Punctuation police go after exclamation point
Meredith Golden says that finding your soulmate on Tinder is easy, as long as you swear off one vice. It isn’t cigarettes or cheese fries. It’s slimmer, sneakier. That cardinal sin: the exclamation point. “Punctuation should not be excessive, especially in an opening message,” said Golden, who ghostwrites for those struggling on the dating apps. She has seen too many hopes dashed by an overly enthusiastic greeting.
Conveniently, her rules also apply to the workplace. The sly devil is just as loathsome in the office, where it has been said to ring unprofessional. So much so that Tami Reiss, a product strategist, created a Gmail plug-in called Just Not Sorry, that alerts users when they’ve exceeded the appropriate number of marks (two) in a work email.
“This isn’t Vegas on a girls trip,” said Reiss. “The triple exclamation point is great when your best friend just got engaged, but at work, it can come off as juvenile.”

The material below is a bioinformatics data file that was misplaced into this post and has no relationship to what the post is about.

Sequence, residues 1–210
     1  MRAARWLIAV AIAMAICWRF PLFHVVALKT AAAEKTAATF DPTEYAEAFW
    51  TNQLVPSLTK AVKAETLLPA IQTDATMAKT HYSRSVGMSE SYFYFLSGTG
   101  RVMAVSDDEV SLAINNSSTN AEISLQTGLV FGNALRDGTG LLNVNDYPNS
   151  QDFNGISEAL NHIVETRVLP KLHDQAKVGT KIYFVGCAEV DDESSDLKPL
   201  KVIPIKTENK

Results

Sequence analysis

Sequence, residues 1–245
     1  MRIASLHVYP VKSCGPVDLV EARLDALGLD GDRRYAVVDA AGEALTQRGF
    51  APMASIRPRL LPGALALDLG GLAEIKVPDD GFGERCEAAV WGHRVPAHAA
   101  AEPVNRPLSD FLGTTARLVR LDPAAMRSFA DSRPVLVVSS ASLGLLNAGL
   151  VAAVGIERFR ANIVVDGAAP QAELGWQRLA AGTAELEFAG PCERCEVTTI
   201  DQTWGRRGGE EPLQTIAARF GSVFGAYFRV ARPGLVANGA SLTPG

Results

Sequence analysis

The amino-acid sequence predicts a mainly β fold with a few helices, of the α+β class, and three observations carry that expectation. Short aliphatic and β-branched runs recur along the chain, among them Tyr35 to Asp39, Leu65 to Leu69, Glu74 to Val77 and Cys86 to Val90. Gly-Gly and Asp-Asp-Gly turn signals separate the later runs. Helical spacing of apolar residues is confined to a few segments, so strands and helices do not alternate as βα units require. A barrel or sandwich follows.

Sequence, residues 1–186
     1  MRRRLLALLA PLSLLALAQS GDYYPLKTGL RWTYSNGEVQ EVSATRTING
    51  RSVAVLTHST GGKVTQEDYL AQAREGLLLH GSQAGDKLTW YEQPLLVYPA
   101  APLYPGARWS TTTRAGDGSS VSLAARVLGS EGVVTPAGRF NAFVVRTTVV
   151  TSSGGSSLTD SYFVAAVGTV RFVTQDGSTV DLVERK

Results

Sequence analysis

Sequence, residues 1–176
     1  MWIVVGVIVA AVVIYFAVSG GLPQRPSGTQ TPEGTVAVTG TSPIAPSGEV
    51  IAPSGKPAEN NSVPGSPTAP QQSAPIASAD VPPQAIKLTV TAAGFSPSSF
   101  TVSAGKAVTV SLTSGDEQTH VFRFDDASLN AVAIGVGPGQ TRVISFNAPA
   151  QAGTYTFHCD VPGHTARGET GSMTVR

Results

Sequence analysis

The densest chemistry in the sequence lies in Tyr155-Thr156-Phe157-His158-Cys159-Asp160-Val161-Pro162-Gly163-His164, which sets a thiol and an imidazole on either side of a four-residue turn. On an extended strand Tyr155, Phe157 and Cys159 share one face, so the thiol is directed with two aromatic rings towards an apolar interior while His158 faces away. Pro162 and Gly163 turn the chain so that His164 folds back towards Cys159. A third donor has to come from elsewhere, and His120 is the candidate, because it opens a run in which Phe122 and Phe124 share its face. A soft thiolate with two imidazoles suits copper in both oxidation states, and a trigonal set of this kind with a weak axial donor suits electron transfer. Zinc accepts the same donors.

The exclamation point is more than five centuries old, but it can easily be mistaken for the runt of the punctuation family. It wants your forgiveness and attention. It wants undying love, while you’re at it. The mark is to grammar what a Red Sox fan is to baseball, insisting it’s the underdog yet coming out on top, spilling its beer on your lap in exaltation.
To Jonny Sun, a writer on “BoJack Horseman” and a viral tweeter, the exclamation point is the wild child. “It’s a rebellion against the weighty rules of grammar that were passed down to us,” he said. “The exclamation point is a way of saying we’re bucking these rules because they feel old fashioned and dusty.” The period, in contrast, “feels like a sigh.”
Regardless of the intent behind its usage, many exclamation point skeptics remain. Beth Dunn, a product editor at HubSpot, made a flow chart indicating it’s only appropriate for an emergency: “Hey! I’m on fire.”
Lydia Horne of Wired magazine, stopped using the mark in February. “A cleanse is good for the writing metabolism,” she said. She added that the point can serve as a crutch; tossing it helped her to find more precise language to express her emotions.
TO USE OR NOT TO USE